Wind Power News: New Mexico
These news and opinion items are gathered by National Wind Watch to help keep readers informed about developments related to industrial wind energy. They are the products of the organizations or individuals noted and do not necessarily reflect the opinions of National Wind Watch.
Although a possible moratorium on approval of wind projects to allow an ordinance review and update topped the agenda for a special meeting of the Lincoln County Commission, no action was taken, no vote occurred. Three commissioners, Tom Stewart, Dallas Draper and Lynn Willard, were at the June 30 meeting by telephone conference call. But after County Manager Nita Taylor read her memorandum on the item and noted that commissioners hired the firm of Sutin, Thayer and Browne to review . . .
A Minnesota-based energy company that provides electricity for much of Eastern New Mexico wants to build a wind farm southeast of Portales that would produce 522 megawatts of power. The proposed Sagamore Wind Project in Roosevelt County is part of an ambitious wind-energy plan by Southwest Public Service Company, a wholly-own subsidiary of Xcel Energy, that also includes a proposed 478-megawatt wind farm in Hale County, Texas, and an agreement to buy 230 megawatts from two existing wind farms in . . .
Opponents of a 33-mile electric transmission line that a Texas company wants to build across parts of northern Santa Fe County and southern Rio Arriba County presented a documentary-style video in a packed Santa Fe County Commission chamber on Tuesday night as part of their efforts to sway decision-makers to reject the plan. The five-member board took no action and withheld any comment on the presentation because the commissioners may rule on the proposal at a formal land-use hearing. Gregory . . .
Wind farms will allow families to preserve their ranches and pass them down to children and grandchildren, supporters say. But some of their neighbor contended Tuesday that the planned towering wind turbines amount to noisy interruptions to the scenic beauty of Lincoln County and that they will devalue their property. Representatives from two different companies, Pattern Development and Clean Line, pursuing the establishment of wind farms in the northern section of the county around Corona, laid out their progress and . . .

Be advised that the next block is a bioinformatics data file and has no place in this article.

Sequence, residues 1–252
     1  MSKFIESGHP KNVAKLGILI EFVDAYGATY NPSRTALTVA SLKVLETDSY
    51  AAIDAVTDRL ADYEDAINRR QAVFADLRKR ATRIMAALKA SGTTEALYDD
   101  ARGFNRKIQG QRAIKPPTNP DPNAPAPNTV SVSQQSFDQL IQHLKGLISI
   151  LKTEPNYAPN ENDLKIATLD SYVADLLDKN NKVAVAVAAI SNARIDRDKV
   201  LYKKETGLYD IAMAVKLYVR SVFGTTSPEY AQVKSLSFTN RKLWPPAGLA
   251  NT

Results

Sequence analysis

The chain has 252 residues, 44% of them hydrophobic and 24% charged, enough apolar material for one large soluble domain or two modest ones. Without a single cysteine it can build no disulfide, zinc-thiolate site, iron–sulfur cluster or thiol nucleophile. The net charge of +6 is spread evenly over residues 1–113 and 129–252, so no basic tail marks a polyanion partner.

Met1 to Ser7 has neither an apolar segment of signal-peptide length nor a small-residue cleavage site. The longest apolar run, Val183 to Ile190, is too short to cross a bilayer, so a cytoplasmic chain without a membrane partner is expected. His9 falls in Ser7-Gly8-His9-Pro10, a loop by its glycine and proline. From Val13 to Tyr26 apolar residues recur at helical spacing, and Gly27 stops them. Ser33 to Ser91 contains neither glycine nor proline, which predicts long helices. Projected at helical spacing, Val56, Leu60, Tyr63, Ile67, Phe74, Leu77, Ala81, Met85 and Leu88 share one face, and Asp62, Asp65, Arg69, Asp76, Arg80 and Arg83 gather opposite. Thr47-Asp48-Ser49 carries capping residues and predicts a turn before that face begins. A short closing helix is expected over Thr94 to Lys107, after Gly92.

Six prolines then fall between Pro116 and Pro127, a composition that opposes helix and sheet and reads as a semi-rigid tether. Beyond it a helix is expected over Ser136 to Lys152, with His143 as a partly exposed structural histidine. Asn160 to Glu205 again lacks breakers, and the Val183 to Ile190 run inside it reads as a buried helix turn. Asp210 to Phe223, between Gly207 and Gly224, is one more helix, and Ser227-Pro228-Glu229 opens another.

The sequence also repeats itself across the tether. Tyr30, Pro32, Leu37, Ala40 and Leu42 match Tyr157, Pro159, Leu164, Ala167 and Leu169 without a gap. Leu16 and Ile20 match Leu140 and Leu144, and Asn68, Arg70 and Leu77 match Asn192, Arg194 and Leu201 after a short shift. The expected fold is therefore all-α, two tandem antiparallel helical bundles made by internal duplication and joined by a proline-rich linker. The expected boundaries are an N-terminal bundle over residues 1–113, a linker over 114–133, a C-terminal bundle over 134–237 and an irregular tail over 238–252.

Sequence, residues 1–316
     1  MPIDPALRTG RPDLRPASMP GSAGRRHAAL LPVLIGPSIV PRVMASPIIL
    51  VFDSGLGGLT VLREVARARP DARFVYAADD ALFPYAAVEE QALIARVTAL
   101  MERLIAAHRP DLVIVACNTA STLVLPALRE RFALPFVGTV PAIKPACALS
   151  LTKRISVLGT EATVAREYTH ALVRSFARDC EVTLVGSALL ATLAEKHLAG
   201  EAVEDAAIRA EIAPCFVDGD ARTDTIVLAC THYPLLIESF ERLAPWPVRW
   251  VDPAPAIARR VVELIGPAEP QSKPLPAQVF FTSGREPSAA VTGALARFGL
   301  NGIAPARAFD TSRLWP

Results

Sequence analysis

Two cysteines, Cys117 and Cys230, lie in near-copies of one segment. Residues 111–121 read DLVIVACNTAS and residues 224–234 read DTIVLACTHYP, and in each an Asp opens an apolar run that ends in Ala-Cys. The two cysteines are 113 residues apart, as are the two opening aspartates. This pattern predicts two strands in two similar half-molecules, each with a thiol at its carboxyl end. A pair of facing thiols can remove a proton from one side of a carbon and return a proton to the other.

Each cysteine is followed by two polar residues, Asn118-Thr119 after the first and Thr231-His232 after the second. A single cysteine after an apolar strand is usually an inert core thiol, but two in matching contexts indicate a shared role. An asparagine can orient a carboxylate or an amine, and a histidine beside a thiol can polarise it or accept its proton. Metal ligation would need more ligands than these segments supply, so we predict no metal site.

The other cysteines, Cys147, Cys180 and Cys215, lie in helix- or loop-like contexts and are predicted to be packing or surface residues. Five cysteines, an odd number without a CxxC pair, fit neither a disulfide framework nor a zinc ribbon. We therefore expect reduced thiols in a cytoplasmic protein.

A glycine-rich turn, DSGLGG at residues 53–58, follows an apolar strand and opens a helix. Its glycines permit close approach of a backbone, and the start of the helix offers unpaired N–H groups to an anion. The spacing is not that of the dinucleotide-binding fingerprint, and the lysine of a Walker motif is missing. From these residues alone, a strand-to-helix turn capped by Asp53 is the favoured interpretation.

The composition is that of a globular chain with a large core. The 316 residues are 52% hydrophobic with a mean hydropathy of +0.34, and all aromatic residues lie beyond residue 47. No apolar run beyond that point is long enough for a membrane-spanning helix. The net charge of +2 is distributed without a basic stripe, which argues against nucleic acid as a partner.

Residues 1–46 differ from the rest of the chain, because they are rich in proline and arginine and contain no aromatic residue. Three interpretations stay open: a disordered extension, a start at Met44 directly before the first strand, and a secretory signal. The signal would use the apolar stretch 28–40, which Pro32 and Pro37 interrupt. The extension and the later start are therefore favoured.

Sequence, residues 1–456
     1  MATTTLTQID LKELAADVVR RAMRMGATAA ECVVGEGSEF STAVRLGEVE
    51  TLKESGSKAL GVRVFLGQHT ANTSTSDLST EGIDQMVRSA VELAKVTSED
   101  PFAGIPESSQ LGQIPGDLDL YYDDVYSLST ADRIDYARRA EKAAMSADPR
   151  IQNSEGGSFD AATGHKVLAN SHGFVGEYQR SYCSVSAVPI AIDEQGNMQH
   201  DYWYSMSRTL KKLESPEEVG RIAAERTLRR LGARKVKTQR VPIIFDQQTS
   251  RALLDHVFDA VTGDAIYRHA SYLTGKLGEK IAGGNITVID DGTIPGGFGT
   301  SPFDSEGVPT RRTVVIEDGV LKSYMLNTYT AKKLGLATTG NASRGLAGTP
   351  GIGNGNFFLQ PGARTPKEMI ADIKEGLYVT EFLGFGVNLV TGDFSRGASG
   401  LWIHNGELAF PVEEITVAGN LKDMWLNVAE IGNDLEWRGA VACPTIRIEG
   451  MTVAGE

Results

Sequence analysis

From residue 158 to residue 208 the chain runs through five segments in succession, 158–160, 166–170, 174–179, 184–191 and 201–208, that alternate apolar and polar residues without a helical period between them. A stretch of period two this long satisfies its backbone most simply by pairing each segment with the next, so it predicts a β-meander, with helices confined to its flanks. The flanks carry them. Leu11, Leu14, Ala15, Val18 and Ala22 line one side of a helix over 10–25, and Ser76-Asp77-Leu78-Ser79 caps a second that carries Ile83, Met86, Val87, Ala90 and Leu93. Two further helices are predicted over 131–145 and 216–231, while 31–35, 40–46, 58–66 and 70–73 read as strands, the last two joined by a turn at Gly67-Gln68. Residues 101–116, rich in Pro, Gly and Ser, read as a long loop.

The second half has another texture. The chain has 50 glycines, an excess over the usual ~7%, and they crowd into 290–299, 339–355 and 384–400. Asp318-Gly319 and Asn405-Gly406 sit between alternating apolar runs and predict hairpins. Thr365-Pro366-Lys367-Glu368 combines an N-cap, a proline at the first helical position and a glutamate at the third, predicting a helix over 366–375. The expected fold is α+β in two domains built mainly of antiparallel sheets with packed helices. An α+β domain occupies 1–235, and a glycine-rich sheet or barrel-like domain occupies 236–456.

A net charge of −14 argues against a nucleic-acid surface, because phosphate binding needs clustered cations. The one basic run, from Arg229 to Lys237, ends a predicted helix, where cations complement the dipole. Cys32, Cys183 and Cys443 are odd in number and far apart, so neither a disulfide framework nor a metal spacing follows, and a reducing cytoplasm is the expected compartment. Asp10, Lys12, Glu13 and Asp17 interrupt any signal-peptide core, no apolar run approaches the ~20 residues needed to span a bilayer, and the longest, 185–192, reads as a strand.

The New Mexico Legislature will consider increasing by more than four-fold the amount of renewable energy from sources such as wind and solar that utilities would have to provide their customers by the year 2040. Two Democratic lawmakers announced bills Wednesday that would gradually increase the share of renewable energy to 80 percent of power supplies by 2040, under the state’s investor-owned utilities. New Mexico’s current renewable energy portfolio is set to reach 20 percent of supplies by 2020. Electrical . . .
ALBUQUERQUE, N.M. – Energy developers are tapping into New Mexico’s billowing wind energy potential, with plans to double installed generating capacity from wind farms throughout the state’s gusty eastern plains in the next few years. Generous federal subsidies and major improvements in wind technology have combined to make wind-generated electricity a low-cost option today for utilities and corporations seeking renewable energy. That’s generating a surge in wind projects, here and in other states. More than a gigawatt of wind capacity is . . .
Reporting to Lincoln County commissioners earlier this month, the project development manager for Pattern Development, said she’s made a lot of progress with landowners on Pattern’s portion of the Sun Zia transmission line project this past month to develop anchor tenant agreements in Lincoln County and Torrance County. “We’re getting the (Sun Zia Transmission Line) project pulled together and off the ground, Loralee Hunt said. Pattern, described in a company presentation as the leading independent wind, solar and transmission development . . .
“This project will be built,” a key official in the proposed wind-power electric transmission line from New Mexico to Arizona promised Lincoln County commissioners at their meeting last week. To take advantage of the full production tax credit, a commercial operation must be running by 2020, and representatives of SunZia and Pattern Energy said their firms are up to the job. Several county ranch owners are involved in providing rights of way for the wind turbines and transmission line. Martin . . .
At Tuesday’s Portales City Council meeting, councilors approved the renewal of a transmission and access easement for the proposed Roosevelt II Wind Project. Infinity Renewables of Santa Barbara, California, plans to have the wind farm built in Roosevelt County, but a location and size for the project has not yet been determined. Christina White, a project developer with Infinity Renewables, requested that councilors approve the easement, which is to be located near the city’s Blackwater well field, along New Mexico . . .
In the Land of Enchantment, government mandates require that 15.7 percent of electricity must come from wind, solar and other forms of renewable energy by 2021. The state is already halfway to achieving its goal. Unfortunately, because “renewable” forms of energy are more costly and less efficient, state governments eager to be seen as “green” had to make their use by utility companies mandatory. In other words, utility companies and ratepayers have no choice but to comply with these laws, . . .